Gery Tinkelenberg, aka imperfect i, is a musician, born in Holland, who grew up in Oakland, California's Telegraph Avenue/Temescal neighborhood, and still lives in Oakland today.
Self-released and independent, much of his music is lo-fi home recordings, and when able to swing it, Gery creates hi-fi quality recordings/albums with other musicians.
All of his music (songs with words and wordless music) is a fusion in every sense of the word – not the genre – a fusion of whatever he has sponged up over his lifetime comes out. Raised in the Bay Area during the 60’s and 70's in Oakland, which was and is very eclectic, there are influences of every genre in his music.
Gery doesn’t try to write like anything or any genre in particular – it is just natural and organic – because he was and is exposed to so much and so many different elements, they just come out automatically – i.e., he doesn’t sit down to try to write a “Latin” song – he isn’t trying to convey anything in his music – all the different influences naturally come through.
Gery's wordless music is songs with an instrumental melody. A songwriter can make the mistake of trying to fit words into a song and it can be futile task because some songs are not meant to be that way. Some songs have an instrumental melody and some just have reference points (riffs). If you like Bill Frisell, Brian Eno, and Robert Fripp, you will like his experimental wordless music.
His love/hate relationship with music - (but much more Love!) - can sometimes feel like a burden, like at 2:30 in the morning when a melody or idea comes into his head – he gets up and starts working on it – something inside will not let the music pass by - he had a dream about what turned into his song “Brontosaurus Burger” and woke up, got up, and turned it into a composition. When a song or composition is wanting to get out, and he doesn’t know it, it makes him feel restless, dissatisfied, wanting something, unfulfilled – and when it comes out, centered and fulfilled.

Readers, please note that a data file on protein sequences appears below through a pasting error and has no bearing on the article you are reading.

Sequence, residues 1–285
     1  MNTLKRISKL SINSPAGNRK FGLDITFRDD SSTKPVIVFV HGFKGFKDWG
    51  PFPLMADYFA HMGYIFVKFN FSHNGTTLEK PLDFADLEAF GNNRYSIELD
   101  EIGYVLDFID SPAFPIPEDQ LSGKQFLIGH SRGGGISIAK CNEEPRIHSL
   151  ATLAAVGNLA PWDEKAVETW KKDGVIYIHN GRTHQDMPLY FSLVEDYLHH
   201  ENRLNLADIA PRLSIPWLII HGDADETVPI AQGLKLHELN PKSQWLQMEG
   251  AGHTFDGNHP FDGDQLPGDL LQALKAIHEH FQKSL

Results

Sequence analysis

Currently Gery is holed up in his place writing songs ... they are percolating inside him and working their way out. His realization is that his best work comes independently and spontaneously, unrestricted by time signatures, chord structures, or even other musicians.
Gery is also currently working on a new CD, a selection from many songs that have been coming out over the past few years not yet released. Sign up for the mailing list and stay tuned!
Influences (in writing and playing):
When Gery was a very young boy back in Holland, Gery’s grandfather used to play a guitar song, a 45, called Raunchy by Bill Justis. It was the first time he heard guitar and Gery would ask his grandfather to play it continuously, over and over. It was his first musical awakening and it was the guitar that inspired him.
Next was I want to Hold Your Hand by The Beatles – that got everything started. Gery was very fascinated with the whole British explosion, The Searchers, bubble gum music of the 60’s, and The Ventures.
His first instrument was the congas, because of Santana, in his junior year of high school. He was strongly influenced by the congas and guitar, by the rhythms of Santana and Latin music in general. He was turned on to Santana because Carlos Santana was so melodic. Santana's Michael Shrieve's was also a big drum influence.